September 16, 2014

Miami-Dade commission asks Gov. Scott to "reform" troubled child welfare system

Innocents LostMiami-Dade County commissioners urged Gov. Rick Scott and the Legislature Tuesday to reform the state’s troubled child protection system, invoking the gruesome death last month of a 4-year-old boy in a resolution they adopted unanimously.

The resolution calls on Scott, lawmakers and Department of Children & Families Secretary Mike Carroll to empanel a committee of “experts to investigate, review and recommend changes in law and policy to protect children throughout Florida from the type of preventable harm that took the life of Javon Dade, Jr." who was mauled to death by dogs outside his father’s Goulds home last month. One of the dogs was a pit bull terrier.

Though pit bulls and similar dogs have been banned in Miami-Dade since 1989, DCF investigators took no action in 2011 when the agency was told Javon was in “danger” because his father kept six dogs, two of them pit bulls, and had failed to train them, the Miami Herald reported. The boy’s father, also named Javon Dade, also had been accused of dealing cocaine out of his house, carrying a gun, and being violent towards Javon’s mother and visitors to their house.

Javon was among about 500 children who died of abuse or neglect in Florida over the past six years after the state had received abuse or neglect reports concerning a caregiver. Their stories are detailed in a Miami Herald series, Innocents Lost. Full story by Carol Marbin Miller here. 



September 14, 2014

Regulatory neglect: 140 investigations into abuse at home for disabled = zero discipline

Paige Lunsford tombstoneFor five days and five nights, Paige Elizabeth Lunsford — a severely disabled teen — retched “like a waterfall,” could not eat and thrashed about in an “educational center” staffed with teachers, nurses and a doctor.

Paige was sick, and getting sicker. But caregivers did not send her to a hospital. Instead, they bound her wrists, ankles, biceps and waist with restraints to keep her from flailing.

Paige, nonverbal due to autism, could not ask for help. And none came.

Blond, pigtailed Paige, the child of Margate residents, died at the Carlton Palms Educational Center in July 2013, baking with fever, 10 days after she was sent there. A victim of medical neglect, according to the Department of Children & Families, she now rests beneath a small grave marker etched with musical notes and linked hearts.

An autopsy determined that the 14-year-old succumbed to dehydration, the result of a severe but treatable infection.

Her death spawned the 140th DCF neglect or abuse probe involving the Lake County home since 2001 — there have been eight more reports since then — and yet, the facility has never paid a fine and never been disciplined. Story by Carol Marbin Miller here.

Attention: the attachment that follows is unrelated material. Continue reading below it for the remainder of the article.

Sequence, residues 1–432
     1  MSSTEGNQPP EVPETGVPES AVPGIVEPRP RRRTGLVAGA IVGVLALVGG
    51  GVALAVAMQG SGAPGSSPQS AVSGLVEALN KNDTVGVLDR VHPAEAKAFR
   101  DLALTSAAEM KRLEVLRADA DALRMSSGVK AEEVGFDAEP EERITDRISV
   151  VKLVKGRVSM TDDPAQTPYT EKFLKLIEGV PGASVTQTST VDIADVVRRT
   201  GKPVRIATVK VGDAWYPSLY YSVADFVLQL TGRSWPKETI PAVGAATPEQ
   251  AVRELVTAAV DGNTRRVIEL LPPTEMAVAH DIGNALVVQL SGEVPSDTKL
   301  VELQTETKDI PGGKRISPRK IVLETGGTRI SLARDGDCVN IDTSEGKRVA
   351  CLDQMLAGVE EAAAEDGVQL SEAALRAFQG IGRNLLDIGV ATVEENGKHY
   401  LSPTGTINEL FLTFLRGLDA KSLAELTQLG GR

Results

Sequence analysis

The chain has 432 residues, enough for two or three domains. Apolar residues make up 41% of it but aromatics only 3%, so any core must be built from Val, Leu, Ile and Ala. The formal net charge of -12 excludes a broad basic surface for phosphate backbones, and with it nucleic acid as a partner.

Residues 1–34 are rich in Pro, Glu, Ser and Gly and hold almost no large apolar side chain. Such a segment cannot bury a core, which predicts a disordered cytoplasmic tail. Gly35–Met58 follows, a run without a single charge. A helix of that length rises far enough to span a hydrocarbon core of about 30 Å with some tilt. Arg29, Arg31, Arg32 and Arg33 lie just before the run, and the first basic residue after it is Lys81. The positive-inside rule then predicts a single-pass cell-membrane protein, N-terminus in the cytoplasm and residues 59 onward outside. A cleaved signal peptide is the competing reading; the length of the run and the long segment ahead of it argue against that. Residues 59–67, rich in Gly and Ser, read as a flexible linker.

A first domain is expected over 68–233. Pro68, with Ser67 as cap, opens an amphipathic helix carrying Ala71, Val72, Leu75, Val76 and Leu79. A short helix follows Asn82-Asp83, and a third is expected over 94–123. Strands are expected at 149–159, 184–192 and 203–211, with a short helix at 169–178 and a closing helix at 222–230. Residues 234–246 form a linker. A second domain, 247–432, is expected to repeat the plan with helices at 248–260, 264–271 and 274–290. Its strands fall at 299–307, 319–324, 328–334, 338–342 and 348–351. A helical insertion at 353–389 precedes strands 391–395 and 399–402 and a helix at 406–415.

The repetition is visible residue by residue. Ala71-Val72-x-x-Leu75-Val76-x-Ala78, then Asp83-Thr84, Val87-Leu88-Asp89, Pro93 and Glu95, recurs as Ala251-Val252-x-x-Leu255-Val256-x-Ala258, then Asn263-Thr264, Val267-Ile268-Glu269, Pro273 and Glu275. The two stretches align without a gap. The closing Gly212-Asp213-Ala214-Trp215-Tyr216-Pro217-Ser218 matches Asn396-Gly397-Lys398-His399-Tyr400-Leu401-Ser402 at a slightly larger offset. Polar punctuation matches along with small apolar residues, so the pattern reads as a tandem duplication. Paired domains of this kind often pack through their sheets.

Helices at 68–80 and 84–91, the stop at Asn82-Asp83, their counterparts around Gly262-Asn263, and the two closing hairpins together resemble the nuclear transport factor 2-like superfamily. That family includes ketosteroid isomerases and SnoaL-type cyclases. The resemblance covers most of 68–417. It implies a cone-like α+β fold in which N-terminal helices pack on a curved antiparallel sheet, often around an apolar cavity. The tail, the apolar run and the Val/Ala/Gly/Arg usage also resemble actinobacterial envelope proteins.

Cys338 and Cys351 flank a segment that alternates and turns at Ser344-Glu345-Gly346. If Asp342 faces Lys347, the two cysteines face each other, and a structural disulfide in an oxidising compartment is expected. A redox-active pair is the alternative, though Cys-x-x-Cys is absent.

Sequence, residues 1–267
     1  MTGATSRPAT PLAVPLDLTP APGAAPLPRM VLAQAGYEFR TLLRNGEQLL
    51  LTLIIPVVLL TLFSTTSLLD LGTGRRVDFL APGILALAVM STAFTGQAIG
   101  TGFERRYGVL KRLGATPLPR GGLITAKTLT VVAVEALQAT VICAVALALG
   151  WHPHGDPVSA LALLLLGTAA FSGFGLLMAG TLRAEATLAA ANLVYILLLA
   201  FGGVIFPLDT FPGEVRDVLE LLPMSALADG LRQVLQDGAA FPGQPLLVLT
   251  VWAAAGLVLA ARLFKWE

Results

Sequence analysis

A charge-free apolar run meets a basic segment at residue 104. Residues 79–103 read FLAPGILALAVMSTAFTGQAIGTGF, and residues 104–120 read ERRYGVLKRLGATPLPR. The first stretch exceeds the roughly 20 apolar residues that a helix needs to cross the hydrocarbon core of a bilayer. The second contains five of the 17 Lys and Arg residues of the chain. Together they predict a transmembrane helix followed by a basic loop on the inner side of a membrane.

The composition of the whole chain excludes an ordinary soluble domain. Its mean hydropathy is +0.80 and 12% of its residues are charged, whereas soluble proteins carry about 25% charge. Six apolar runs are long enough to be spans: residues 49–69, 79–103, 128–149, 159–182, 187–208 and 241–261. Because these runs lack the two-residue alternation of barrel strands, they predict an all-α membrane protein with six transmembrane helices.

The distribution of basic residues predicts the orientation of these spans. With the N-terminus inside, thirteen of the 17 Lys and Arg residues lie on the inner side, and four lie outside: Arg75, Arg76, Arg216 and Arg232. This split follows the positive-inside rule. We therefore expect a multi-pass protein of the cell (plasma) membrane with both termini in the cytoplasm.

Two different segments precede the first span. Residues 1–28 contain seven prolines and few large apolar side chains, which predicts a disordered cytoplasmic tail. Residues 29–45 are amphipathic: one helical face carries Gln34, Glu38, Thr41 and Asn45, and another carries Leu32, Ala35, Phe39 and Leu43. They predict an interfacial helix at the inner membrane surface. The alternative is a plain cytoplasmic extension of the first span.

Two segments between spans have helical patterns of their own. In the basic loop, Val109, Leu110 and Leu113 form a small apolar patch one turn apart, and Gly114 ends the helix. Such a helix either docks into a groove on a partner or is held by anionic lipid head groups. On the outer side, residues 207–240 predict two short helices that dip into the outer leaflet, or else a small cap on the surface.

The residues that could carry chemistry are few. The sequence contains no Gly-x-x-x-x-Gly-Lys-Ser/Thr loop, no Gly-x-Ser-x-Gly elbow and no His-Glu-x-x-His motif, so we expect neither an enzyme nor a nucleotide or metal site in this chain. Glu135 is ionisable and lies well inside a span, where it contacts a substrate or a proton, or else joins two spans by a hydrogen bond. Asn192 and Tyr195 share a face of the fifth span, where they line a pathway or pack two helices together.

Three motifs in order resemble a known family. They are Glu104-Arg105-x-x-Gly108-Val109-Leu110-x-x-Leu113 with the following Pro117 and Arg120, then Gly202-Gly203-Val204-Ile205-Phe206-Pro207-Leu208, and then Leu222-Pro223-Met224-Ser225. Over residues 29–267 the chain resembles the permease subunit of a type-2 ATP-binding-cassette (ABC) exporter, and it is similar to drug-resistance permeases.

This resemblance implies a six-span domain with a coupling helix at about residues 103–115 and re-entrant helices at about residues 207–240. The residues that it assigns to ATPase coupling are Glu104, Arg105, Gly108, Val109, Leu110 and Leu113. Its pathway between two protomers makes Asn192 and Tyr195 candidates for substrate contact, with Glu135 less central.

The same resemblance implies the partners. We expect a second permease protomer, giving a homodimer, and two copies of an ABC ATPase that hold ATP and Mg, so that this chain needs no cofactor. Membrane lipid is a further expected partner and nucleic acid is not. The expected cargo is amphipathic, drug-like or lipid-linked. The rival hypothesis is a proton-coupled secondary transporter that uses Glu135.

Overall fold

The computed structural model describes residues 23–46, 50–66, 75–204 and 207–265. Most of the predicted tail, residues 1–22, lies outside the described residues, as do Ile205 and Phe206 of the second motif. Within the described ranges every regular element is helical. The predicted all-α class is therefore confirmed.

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August 19, 2014

Years before child was mauled by dogs, DCF was warned of dangerous home

Javon DadeThree years before Javon Dade Jr. was mauled to death by his father’s dogs, state child protection workers were warned about “the smell and danger” of the six “untrained dogs” living in an apartment with Javon’s family. Two of the dogs were pit bull terriers, which are banned in Miami-Dade County, a caller said.

“The dogs have not really been trained,” an unidentified caller told the Department of Children & Families’ child abuse hotline. “There is concern for the safe care of the children in the home.”

Javon’s father, also named Javon Dade, told investigators the animals did not belong to him. “Dad’s response has been, ‘I know, I know,’ and that he is trying to get the dogs out of the home,” a report said. But the dogs remained.

Last Wednesday, Miami-Dade police made a gruesome discovery: 4-year-old Javon’s badly mauled body lying in overgrown grass in the backyard of the family’s Goulds home. Javon had last been seen at 5 a.m., about four hours before his father noticed he was missing, and six hours before his body was found, a DCF report said.

Javon became the most recent child to die of abuse or neglect after state child protection workers had come in contact with their families. In a recent series, Innocents Lost, the Miami Herald documented the cases of 477 children — most of them younger than 5 — who died following some DCF activity, and the deaths have continued to mount. Story by Carol Marbin Miller here.

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